Rep. Paul Broun, a conservative from northeast Georgia and one of President Obama's most hardline critics in Congress, received this shocking question from a town hall attendee Tuesday night: "Who is going to shoot Obama?"
According to the Athens Banner-Herald, Mr. Broun, a two-term congressman, addressed the question by saying, "I know there's a lot of frustration with this president," and by pointing to next year's election as an opportunity to elect "somebody that's going to be a conservative, limited-government president ... who will sign a bill to repeal and replace ObamaCare."
In a statement Friday, Broun said, "I deeply regret that this incident happened at all. Furthermore, I condemn all statements – made in sincerity or jest – that threaten or suggest the use of violence against the President of the United States or any other public official. Such rhetoric cannot and will not be tolerated." Broun also said his office "took action with the appropriate authorities."
Coming about a month after the shooting of Broun's colleague, Rep. Gabrielle Giffords (D), in Tucson, Ariz., and a national debate about heated political rhetoric, the incident has pushed Broun suddenly into the spotlight, with critics saying he should have condemned the question or pushed back more forcibly. Politicians' failure to do so, they say, can inadvertently give the impression that they promote unacceptable, even dangerous, ideas.
"It would have been far better for him to have immediately rejected the question," says Merle Black, a political scientist at Emory University, in Atlanta. "The question shouldn't have been asked, and he should have responded by saying it was inappropriate."
In 2008, Republican presidential contender John McCain pushed back against anti-Obama rhetoric and urged his followers to tone down their criticisms, which he worried could hurt his campaign. Senator McCain braved boos at a Minnesota town hall event to confront a woman who said, "I can't trust Obama ... he's an Arab." McCain seized the microphone from the woman and replied, "No, ma'am. He's a decent family man [and] citizen that I just happen to have disagreements with on fundamental issues and that's what this campaign is all about. He's not" an Arab.
But Broun may see himself as even more of a maverick than McCain. In May 2009, he proposed a bill to make 2010 "The Year of the Bible." When asked on a radio show whether he believed Mr. Obama is a US citizen and a Christian, Broun, a devout Baptist, answered, "I don't know." He criticized Obama's proposal to create a civilian national service corps, saying it would lay the groundwork for a Marxist dictatorship.
"When he's proposing to have a national security force that's answering to him, that is as strong as the US military, he's showing me signs of being Marxist," Broun told the Associated Press. He later expanded his comments, saying, "I'm not comparing him to Adolf Hitler. What I'm saying is there is the potential of going down that road."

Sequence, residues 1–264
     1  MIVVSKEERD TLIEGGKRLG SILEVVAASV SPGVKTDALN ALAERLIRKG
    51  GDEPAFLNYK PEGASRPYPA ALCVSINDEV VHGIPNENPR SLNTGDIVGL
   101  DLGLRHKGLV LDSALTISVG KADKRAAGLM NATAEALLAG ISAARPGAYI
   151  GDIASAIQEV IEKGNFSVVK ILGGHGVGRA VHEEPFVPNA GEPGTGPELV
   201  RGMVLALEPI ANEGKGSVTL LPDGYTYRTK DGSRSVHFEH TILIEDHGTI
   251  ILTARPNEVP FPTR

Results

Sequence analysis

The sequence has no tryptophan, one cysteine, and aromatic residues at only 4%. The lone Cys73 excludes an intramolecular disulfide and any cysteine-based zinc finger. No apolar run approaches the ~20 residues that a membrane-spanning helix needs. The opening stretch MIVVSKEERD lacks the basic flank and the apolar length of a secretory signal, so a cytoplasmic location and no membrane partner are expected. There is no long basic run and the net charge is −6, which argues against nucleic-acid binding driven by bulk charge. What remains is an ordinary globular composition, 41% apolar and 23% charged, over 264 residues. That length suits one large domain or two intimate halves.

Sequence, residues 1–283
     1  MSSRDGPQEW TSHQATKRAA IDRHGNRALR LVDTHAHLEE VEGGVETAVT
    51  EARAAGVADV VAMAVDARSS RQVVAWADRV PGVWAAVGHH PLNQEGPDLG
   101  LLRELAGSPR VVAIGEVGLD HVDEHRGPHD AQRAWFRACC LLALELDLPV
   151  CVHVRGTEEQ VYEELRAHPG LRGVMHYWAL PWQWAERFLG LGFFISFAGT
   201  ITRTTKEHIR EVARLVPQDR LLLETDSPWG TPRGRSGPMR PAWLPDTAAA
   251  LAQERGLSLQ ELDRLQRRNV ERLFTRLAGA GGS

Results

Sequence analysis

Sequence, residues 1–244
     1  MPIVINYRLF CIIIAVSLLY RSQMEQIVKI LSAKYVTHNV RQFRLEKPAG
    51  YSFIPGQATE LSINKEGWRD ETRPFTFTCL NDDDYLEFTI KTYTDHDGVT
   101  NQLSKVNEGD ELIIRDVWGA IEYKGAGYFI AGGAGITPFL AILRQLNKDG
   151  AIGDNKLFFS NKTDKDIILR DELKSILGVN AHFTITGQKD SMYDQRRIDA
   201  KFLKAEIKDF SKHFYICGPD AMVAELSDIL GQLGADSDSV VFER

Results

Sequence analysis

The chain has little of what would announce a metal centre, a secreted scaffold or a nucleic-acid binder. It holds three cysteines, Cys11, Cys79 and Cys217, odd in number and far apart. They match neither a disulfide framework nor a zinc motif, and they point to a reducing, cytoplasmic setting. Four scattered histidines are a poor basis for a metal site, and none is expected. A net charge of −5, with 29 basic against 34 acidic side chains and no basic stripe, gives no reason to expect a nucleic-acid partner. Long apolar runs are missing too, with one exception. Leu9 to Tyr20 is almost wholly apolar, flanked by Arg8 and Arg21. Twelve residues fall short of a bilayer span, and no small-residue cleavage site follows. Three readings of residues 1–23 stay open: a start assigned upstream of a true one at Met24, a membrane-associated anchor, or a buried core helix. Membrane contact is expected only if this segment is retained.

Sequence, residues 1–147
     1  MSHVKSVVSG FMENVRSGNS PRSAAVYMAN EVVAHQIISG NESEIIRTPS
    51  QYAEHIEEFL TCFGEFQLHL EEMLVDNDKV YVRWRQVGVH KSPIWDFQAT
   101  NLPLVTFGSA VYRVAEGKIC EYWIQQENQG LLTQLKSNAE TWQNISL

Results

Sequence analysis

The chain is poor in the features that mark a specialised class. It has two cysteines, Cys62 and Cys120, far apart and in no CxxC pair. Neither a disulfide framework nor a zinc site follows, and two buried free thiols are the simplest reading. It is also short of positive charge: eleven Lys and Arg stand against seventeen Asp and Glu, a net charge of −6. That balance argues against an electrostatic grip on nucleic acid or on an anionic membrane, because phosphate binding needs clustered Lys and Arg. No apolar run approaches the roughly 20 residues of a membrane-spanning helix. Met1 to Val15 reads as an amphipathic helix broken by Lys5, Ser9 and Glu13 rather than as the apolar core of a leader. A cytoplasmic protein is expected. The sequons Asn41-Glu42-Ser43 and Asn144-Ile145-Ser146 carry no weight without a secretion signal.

His criticism of Obama has continued. During Obama's 2011 State of the Union address, Broun tweeted, "Mr. President, you don't believe in the Constitution. You believe in socialism."
Broun, who carries a US Constitution with him at all times, was also one of three of lawmakers who voted against a law banning animal crush videos such as ones that showed women in high heels stomping on kittens. He condemned the practice, but he noted that the Constitution gives the federal government limited criminal justice powers and that crush videos are already covered by state animal cruelty laws.
Elected by a hair's breadth in a special 2007 election, Broun, a medical doctor from Athens, Ga., quickly became a political favorite in the mountainous parts of northeast Georgia, where distrust of the federal government runs deep. He was reelected in 2010 with 67 percent of the vote against his challenger, Democrat Russell Edwards.
His views, in turn, draw in constituents with similar hardline views about the limits of federal power, says political scientist Charles Bullock of the University of Georgia, who knows Broun and lives in his district.
"Paul lays down his ideological markers, and he's going to stand with it. So that may mean that, yeah, he's going to have a more conservative turnout at a meeting even than a lot of other conservatives," says Professor Bullock. "Because Paul takes a position that's pretty far to the right in terms of the American continuum, probably a disproportionate share of people who make contact with him are also on that part of the spectrum."
Nevertheless, Bullock says, Broun's response should be viewed in context of the circumstances: an oddball question by a political supporter in a public meeting, accompanied, in this case, by laughs from the audience.
"There are questions like that which can catch you flat-footed, and you have to say something and you have to say it immediately, and then you look at it afterward and say, 'I could've handled that better,' " Bullock says. "It would not be fair to paint Broun as tolerating anything like that, although his views are pretty far to the right and sometimes outside the mainstream, and he has some underlying assumptions about the world which many people would question."